If you are an iPhone user, a new add-on to the “Shortcuts” app—only available for iOS12—allows Siri to secretly record police traffic stops with a simple command. Known as “Police”, the feature was created by Robert Petersen of Arizona to give motorists an extra layer of security when interacting with law enforcement.
Petersen said that the wave of news reports involving police officers and ordinary citizens like us often come down to their words against ours. Although many police departments enforce the use of body cameras, the process of recovering the footage can take weeks or months. In order to obtain instantly-available evidence, Police enables Siri to become your second set of eyes if you are pulled over by police.
All you need to say is, “Hey Siri, I’m getting pulled over” to allow Apple’s virtual assistant to set off a series of motions. In order to reduce distractions so drivers can focus entirely on the situation at hand, Siri turns on Do Not Disturb mode, mutes any notifications being sent to your phone, lowers the music volume, and dims the screen.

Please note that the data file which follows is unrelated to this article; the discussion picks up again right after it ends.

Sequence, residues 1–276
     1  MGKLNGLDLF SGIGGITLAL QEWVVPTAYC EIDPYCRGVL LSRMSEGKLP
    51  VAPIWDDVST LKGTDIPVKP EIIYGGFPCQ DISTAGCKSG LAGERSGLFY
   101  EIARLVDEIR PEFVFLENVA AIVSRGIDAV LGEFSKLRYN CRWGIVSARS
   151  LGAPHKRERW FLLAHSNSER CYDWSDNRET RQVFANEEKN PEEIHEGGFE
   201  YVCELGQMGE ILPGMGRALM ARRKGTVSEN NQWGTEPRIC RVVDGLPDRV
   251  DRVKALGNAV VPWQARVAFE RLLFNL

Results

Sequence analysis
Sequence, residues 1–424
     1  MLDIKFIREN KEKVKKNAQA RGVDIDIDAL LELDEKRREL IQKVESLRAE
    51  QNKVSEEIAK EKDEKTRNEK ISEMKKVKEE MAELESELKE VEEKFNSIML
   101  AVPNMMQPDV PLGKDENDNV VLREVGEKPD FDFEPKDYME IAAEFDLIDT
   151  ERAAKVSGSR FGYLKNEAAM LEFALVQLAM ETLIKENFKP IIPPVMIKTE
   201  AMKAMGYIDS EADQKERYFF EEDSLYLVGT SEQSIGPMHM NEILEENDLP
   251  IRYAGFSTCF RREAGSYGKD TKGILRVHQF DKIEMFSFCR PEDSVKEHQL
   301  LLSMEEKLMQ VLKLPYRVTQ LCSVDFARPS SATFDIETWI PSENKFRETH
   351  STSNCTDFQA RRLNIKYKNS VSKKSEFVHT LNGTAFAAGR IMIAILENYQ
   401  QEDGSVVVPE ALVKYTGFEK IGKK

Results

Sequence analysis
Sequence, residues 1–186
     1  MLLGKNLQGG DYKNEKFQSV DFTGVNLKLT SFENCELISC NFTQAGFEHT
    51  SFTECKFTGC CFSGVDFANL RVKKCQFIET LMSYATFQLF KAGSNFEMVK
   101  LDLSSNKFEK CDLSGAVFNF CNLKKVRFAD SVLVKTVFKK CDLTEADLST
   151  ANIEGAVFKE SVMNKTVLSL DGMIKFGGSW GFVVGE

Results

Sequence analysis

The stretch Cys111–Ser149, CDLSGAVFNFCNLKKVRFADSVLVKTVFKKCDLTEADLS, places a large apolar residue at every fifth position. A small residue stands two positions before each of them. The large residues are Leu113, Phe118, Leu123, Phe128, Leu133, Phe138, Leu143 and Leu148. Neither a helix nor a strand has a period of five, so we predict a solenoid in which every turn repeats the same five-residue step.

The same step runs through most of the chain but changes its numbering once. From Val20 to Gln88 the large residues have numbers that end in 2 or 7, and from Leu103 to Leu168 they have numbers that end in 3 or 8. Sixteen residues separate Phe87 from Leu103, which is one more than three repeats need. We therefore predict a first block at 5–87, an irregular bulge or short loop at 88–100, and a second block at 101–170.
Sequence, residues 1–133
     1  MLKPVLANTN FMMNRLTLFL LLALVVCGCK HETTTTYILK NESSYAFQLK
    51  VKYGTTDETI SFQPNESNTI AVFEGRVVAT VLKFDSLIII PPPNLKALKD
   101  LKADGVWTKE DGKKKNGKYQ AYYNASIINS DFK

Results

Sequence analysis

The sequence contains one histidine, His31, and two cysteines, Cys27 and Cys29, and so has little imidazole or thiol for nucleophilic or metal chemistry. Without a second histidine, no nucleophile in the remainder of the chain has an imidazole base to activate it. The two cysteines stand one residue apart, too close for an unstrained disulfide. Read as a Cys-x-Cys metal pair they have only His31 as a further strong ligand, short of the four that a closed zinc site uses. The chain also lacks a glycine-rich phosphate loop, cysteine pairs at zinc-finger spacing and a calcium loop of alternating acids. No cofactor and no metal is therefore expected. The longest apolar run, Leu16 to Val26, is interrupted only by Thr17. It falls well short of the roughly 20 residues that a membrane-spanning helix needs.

Then, the front camera records the interaction, while a text message, detailing what’s happening and your current location, is sent to an emergency contact. Once the incident is over your phone’s functions will return to normal. Just press “Keep” to save it to a cloud storage service or send to designated contacts.
If you are not an iPhone user, there are many other apps available that can be used to record police interactions. The American Civil Liberties Union has developed an app called “ACLU Blue” which sends user footage to a public forum after recording. “Stop and Frisk Watch” was created by the New York Civil Liberties Union to allow users to document law enforcement, alert others who are using the app, and allow users to report incidents they didn’t film.